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A day before Arizona Senate President Karen Fann’s special meeting on the Maricopa County election audit, county officials tried to portray the Republican leader’s effort as amateurish at best.

The Board of Supervisors came out swinging Monday in their own special meeting responding to Fann’s allegations that contractors found significant irregularities as well as missing data in the ongoing audit.

Maricopa County’s Twitter feed joined the fray, sharing portions from a formal letter signed by the five supervisors, Recorder Stephen Richer and Sheriff Paul Penzone, responding to Fann’s May 12 letter. The Senate president was not happy to learn about the letter from a reporter who had an early print copy.

“NO deleted files,” the county’s tweet thread begins. “NO chain of custody issues. We provided what they asked for except for routers, for security reasons. ‘Auditors’ trouble locating info we provided is THEIR problem.”

Neither Fann’s office nor the Senate Republican Caucus responded to Just the News queries seeking more information about one of her letter’s more explosive claims: that contractors found a “significant number of instances” where the number of ballots in a batch did not match the total on its “pink report slip.”

According to the county’s response letter, the discrepancies are the result of damaged ballots that cannot be read by tabulation machines and are duplicated for bipartisan review boards. “[I]t is obvious that your contractors have no understanding of these matters,” it says.

The county election department released its own technical analysis of Fann’s allegations. “Maricopa County did not spoil any evidence,” and the issues identified by Fann “are either incorrect” or have a “reasonable and valid explanation,” the letter says. null

‘Political theater’ 

Chairman Jack Sellers termed the Senate Republican-led review as “a grift disguised as an audit” at Monday’s public meeting.

He had previously scorched the official election audit Twitter account for claiming that the county deleted “a directory full of election databases” days before equipment was delivered to the audit.

Sellers’ fellow supervisors were no kinder. Vice Chair Bill Gates repeatedly accused the Senate GOP of trying to get them jailed for simply asking a court to review the legislative subpoenas before turning over election data. Tuesday’s scheduled hearing before Fann is “political theater” designed for One America News Network, he said.

Supervisor Steve Gallardo accused Fann of having “rented out” the Senate to outside consultants who know nothing about elections. For writing a letter asking to “tone down the political rhetoric,” Supervisor Clint Hickman said he received death threats and dozens of protesters at his house.

County Recorder Stephen Richer said he’s retained legal counsel to defend himself against “outlandish” criminal allegations, especially that he deleted election databases. He still has access to the full database, Richer said.

The recorder blasted Fann for claiming she doesn’t control the official election audit Twitter account, whose pinned tweet as of Monday accused the county of deleting election databases before turning over equipment. “We deleted zero,” he told the public meeting. “Zero election files.”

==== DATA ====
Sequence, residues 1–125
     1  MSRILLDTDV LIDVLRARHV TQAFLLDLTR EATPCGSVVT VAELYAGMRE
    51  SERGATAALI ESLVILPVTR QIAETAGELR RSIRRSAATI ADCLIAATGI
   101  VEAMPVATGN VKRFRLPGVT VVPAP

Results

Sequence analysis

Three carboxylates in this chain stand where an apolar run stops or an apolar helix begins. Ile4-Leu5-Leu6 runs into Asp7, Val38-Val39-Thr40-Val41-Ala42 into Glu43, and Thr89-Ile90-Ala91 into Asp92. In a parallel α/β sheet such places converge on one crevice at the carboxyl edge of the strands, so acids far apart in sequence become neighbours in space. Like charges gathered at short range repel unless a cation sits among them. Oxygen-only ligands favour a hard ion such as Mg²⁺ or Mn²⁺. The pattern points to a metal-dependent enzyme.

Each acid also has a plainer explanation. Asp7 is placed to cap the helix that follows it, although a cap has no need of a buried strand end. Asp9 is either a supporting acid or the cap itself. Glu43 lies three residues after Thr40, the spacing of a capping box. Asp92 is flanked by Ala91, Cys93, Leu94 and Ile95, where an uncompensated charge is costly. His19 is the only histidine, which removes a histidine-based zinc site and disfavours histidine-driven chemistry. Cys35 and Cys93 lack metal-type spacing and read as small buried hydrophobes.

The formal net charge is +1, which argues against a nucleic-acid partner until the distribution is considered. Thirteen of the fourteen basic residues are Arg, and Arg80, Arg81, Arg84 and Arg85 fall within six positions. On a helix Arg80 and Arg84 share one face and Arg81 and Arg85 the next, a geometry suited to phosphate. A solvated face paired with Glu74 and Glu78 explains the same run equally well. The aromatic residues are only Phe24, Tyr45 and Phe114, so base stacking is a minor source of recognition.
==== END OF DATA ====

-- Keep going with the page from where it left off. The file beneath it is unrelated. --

The 14-page letter released by the county late Monday fleshed out many of Richer’s brief responses to several issues identified in Fann’s May 12 letter. 

One of them concerns discrepancies ranging from two to 35 ballots between the actual number of ballots in a batch and the total on their pink slips.

Fann’s contractors, led by Cyber Ninjas, apparently didn’t know that these early voting ballots are placed in batches of “approximately 200” by bipartisan processing boards, according to the letter. These humans are tasked with guessing which ballots might not be machine-readable.

The letter said two of the five batches flagged as “illustrative” by Fann had different problems. Two of the 200 ballots in one batch could not be read despite the best efforts of human reviewers, while the extra 18 found in a batch marked 200 were apparently a miscount by the hired contractors.

The letter’s response to Fann’s other claims is far more inflamed and insulting. It reiterated Sellers’ demand that the election audit Twitter account delete its “false and malicious tweet” about spoliation of evidence.

The Senate GOP’s evidence of deleted databases only shows “your auditors’ incompetence,” the letter says. The screenshots showing deleted files may simply indicate that Cyber Ninjas and its subcontractors made server copies that its own software can’t find, based on its unstated search parameters.

The supervisors said they were “stunned” that Fann asked about chain of custody for the ballots. “It demonstrates a spectacular lack of understanding on your part of what occurred” when liaison Ken Bennett and co-director of elections Scott Jarrett “together reviewed the delivery” from the Elections Department to the Senate.

The county transports ballots in “tamper evident sealed black canvas bags” and secures them in a vault with “highly restricted access among numerous overhead security cameras,” the letter says.